Dual-energy computed tomography (DECT) with virtual monoenergetic images has been shown to reduce metallic artifact associated with spinal hardware.1–7 Standard computed tomography (CT) is limited by metallic artifacts secondary to a combination of photon starvation, beam hardening, partial volume averaging, and scatter effects. Photon starvation is a process whereby insufficient photons reach the CT detector because of the high density of the metal. This noise is subsequently amplified during the reconstruction process, leading to characteristic streaks in the image.8 Beam hardening is a separate phenomenon that occurs when the polyenergetic x-ray beam is dramatically attenuated as it passes through the metal and leaves behind only a hardened high-energy beam of photons that also contributes to metallic artifact by causing characteristic dark streaks adjacent to the implant.8 A similar problem is frequently encountered in CT imaging of the cervical spinal canal, as shoulder artifact causes photon starvation in the lower cervical spine, limiting visualization of the spinal cord as well as any soft tissue process or disc herniation within the spinal canal. Consequently, evaluation of the cervical spine on CT is suboptimal in the assessment of compression of the cervical spinal cord and nerve roots, particularly when there is a concern for disc herniation causing spinal canal or foraminal compromise in the lower cervical spine. As a result, a cervical spine magnetic resonance imaging (MRI) is usually preferred in this clinical scenario.
Numerous studies demonstrate the reduction of metallic artifact associated with spinal hardware using DECT.1–7 Virtual monoenergetic images depict how the imaged object would appear if x-ray photons at only a single energy level were produced by the x-ray source. Bamberg et al1 compared DECT virtual monoenergetic images across discrete energy levels to standard CT and found reduced metal artifacts at discrete energy levels relative to standard CT. Guggenberger et al2 performed a similar study, evaluating posterior spinal fusion implants on DECT at monoenergetic energy levels ranging from 64 to 105 keV, confirming that as the energy level increased, there was significantly improved image quality and decreased metallic artifacts from metal implants relative to standard CT. Given the previously published data on the role of DECT in reducing metal artifact in the spine, our purpose is to explore the effect of using different monoenergetic levels on reducing shoulder artifact and identify the optimal monoenergetic images for visualization of the soft tissues in the spinal canal, and to compare DECT with regular CT.
MATERIALS AND METHODS
In this retrospective study, 171 consecutive patients referred for a CT of the neck between March 1, 2018, and October 31, 2018, had a DECT examination of the neck, identified from our picture archiving and communication system. The studies were requested for a specific clinical indication related to the evaluation of the soft tissues of the neck.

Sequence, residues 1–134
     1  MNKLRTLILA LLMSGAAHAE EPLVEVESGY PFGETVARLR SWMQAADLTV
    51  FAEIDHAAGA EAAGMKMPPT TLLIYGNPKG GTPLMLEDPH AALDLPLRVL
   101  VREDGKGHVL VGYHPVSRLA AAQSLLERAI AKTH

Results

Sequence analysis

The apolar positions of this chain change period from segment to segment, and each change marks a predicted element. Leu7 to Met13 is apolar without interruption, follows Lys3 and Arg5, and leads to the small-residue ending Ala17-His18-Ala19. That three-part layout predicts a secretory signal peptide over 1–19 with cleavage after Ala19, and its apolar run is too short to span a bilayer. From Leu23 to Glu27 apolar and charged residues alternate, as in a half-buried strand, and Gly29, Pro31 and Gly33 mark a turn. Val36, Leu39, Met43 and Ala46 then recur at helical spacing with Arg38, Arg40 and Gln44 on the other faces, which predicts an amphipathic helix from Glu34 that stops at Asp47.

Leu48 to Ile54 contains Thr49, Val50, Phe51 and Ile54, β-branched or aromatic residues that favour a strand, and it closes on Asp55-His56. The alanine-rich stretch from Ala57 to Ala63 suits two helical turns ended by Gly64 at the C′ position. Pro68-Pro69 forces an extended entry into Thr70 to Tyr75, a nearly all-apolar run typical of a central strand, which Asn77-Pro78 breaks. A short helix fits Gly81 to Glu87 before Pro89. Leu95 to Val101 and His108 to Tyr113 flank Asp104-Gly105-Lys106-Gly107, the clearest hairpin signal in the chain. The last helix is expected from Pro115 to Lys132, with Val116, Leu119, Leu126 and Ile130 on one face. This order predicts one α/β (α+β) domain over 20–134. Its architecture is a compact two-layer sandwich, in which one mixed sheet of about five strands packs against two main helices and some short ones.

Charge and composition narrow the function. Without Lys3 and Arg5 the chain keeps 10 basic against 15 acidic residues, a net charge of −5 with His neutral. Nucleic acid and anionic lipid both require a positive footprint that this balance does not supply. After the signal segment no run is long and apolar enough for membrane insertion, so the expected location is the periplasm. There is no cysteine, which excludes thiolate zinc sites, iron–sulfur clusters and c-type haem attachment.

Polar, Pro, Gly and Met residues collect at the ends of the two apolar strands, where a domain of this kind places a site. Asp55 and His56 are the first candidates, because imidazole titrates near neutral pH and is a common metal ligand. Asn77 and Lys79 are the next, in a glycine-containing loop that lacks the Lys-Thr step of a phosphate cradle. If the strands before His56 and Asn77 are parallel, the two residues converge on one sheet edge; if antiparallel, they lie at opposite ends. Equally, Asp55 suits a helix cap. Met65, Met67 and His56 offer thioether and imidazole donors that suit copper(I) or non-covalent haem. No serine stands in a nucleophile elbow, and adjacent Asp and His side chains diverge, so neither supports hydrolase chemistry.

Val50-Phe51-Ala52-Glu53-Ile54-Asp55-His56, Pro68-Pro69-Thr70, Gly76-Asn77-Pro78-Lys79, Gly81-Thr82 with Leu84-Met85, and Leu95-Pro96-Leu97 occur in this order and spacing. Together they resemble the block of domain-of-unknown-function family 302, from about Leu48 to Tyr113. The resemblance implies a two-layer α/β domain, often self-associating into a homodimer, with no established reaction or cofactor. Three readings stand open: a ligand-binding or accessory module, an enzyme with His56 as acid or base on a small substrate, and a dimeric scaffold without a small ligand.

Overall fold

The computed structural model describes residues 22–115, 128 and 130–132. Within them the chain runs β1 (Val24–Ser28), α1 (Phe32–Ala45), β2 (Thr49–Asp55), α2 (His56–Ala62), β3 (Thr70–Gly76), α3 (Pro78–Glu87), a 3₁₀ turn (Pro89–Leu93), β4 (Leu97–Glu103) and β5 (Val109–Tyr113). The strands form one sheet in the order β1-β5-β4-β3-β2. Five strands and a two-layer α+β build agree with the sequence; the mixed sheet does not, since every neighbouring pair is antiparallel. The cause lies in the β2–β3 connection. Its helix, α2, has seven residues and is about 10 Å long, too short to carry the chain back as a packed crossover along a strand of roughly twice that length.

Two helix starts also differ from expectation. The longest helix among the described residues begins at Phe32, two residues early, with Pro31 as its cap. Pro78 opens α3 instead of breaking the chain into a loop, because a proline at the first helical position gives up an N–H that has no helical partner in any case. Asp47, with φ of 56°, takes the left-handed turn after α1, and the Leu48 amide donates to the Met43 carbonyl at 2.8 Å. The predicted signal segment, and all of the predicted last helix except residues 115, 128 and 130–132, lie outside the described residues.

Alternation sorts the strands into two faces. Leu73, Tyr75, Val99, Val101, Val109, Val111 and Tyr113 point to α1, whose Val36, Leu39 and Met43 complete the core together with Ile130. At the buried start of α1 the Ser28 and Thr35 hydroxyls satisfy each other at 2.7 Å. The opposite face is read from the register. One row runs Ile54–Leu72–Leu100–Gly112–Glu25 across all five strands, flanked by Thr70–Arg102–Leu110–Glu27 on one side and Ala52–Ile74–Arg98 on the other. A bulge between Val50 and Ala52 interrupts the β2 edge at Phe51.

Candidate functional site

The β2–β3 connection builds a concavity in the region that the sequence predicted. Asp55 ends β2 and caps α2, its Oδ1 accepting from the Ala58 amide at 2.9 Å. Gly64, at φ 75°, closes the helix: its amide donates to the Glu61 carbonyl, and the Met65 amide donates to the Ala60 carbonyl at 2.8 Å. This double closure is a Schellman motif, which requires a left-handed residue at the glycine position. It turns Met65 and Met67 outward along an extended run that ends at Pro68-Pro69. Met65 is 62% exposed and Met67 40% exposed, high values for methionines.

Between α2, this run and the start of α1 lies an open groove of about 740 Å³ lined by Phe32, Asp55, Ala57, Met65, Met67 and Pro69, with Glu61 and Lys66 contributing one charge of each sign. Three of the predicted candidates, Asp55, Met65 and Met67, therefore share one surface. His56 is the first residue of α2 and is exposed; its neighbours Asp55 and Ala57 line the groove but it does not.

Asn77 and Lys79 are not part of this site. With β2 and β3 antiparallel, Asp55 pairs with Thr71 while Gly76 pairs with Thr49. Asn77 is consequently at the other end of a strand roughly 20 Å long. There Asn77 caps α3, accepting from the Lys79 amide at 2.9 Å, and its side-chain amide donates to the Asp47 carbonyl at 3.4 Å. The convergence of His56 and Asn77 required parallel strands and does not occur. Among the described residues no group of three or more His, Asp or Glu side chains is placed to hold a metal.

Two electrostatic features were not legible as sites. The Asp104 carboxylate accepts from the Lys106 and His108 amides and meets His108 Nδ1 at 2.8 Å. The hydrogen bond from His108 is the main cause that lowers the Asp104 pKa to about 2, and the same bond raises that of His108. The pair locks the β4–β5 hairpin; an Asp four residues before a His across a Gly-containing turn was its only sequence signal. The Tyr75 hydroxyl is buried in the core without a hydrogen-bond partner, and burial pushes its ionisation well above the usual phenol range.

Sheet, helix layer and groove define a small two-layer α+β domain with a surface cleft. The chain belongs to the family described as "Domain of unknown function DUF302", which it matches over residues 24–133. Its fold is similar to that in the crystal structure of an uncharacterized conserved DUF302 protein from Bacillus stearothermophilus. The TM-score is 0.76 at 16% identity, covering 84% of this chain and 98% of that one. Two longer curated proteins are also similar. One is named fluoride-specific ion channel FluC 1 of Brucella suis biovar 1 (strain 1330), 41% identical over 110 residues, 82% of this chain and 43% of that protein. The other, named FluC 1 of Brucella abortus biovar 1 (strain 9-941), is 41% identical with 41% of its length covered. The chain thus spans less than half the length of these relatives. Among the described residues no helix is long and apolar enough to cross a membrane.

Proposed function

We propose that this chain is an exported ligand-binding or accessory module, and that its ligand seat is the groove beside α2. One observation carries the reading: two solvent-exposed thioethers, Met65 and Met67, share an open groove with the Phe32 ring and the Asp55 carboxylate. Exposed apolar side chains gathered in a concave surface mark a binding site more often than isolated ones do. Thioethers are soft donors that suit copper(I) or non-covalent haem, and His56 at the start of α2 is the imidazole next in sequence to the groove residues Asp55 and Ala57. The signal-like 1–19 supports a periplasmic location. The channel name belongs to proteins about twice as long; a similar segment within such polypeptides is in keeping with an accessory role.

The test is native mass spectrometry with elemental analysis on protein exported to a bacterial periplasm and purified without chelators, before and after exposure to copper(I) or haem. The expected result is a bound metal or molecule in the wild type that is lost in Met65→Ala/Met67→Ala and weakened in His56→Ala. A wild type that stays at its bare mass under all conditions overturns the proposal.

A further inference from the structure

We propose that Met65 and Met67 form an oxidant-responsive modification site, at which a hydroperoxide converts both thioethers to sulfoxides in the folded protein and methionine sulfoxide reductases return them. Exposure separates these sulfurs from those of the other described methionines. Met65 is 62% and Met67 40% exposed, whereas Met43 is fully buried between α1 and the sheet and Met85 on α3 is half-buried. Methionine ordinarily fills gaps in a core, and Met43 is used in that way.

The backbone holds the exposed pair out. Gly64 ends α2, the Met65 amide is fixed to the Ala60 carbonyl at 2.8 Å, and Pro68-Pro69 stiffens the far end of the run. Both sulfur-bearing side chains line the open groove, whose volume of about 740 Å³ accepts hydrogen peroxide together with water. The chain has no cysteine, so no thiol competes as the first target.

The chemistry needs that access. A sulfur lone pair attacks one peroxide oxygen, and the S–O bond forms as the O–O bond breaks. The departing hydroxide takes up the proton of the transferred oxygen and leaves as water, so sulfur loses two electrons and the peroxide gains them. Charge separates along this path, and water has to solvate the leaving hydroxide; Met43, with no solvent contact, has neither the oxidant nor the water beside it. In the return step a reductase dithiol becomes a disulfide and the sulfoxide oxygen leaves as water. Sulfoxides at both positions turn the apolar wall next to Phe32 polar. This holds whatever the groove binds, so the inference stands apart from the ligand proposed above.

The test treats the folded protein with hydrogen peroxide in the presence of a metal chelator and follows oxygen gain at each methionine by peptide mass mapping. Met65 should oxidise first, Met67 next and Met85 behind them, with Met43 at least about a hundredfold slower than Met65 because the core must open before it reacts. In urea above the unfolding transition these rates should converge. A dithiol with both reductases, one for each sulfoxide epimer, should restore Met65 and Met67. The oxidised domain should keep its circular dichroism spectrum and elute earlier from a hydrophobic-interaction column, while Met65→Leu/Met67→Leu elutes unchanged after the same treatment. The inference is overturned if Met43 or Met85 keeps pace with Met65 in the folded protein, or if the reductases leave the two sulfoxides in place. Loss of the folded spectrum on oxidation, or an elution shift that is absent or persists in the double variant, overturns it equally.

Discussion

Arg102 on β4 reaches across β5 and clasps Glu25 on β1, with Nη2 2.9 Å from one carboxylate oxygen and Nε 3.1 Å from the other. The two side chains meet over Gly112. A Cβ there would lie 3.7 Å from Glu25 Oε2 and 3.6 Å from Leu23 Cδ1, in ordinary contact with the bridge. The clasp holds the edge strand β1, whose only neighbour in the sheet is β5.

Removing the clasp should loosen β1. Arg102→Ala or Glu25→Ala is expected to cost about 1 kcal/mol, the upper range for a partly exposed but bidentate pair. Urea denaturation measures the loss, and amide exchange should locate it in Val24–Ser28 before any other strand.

Images from each study underwent postprocessing to create reformats of monoenergetic images at discrete kiloelectron volt levels of 50, 70, 100, and 140 keV in the sagittal plane on a separate dedicated workstation. Standard CT studies performed for the same patient population within the subsequent 6 months of the original DECT were included when available for comparison. Diagnostic image quality was subjectively evaluated using a 5-point scale: grade 0, artifact totally obscured the spinal cord that could not be identified and was thus nondiagnostic; grade 1, marked artifact, with questionable delineation of the spinal cord and no confidence in the ability to grade stenosis, similarly of limited diagnostic value; grade 2, moderate artifact with partial anatomic delineation of the spinal cord and a low confidence in the ability to grade stenosis; grade 3, mild artifact that did not limit the anatomic delineation of the spinal cord and a corresponding high confidence in the ability to grade stenosis; and grade 4, no artifact with excellent delineation of anatomic structures and a very high confidence in the ability to grade stenosis. Two experienced subspecialty trained neuroradiologists with 15 and greater than 20 years of experience, respectively, separately assessed the images at differing keV levels for each study, assigning a subjective score (0–4) while blinded to the exact energy level under review. Standard CT examinations were similarly assessed later in a separate session. The subjective reading sessions were more than 3 months apart. Objective evaluation of image noise was performed for DECT keV level and for standard CT using the standard deviation of the CT attenuation in Hounsfield units measured via placement of a fixed-size region of interest within the spinal canal at the level of the worst artifact.
Image Acquisition and Reconstruction
All examinations were performed using a Discovery CT750 HD 64-slice CT scanner with rapid kV switching (GE Healthcare, Chicago, Illinois). A full rotational 360° helical scan was performed using GSI 37, 0.8 seconds, 260 mA with a helical pitch of 0.984:1 and a volume CT dose index of 10.98. Soft tissue density algorithm and bone windows were acquired with 2.5-mm axial and 2-mm sagittal and coronal multiplanar reformats.
A 1-way analysis of variance was used to assess differences in overall subjective image quality by the 2 readers for each study at standard CT and differing DECT keV levels. Objective assessment of image noise was similarly compared using analysis of variance. A post hoc Tukey test was performed to evaluate for differences between individual energy levels for both subjective and objective measurements. Data analysis was performed using R statistical software V.4.0.2 (R Project for Statistical Computing). Significance was set at P < 0.05 for all analyses.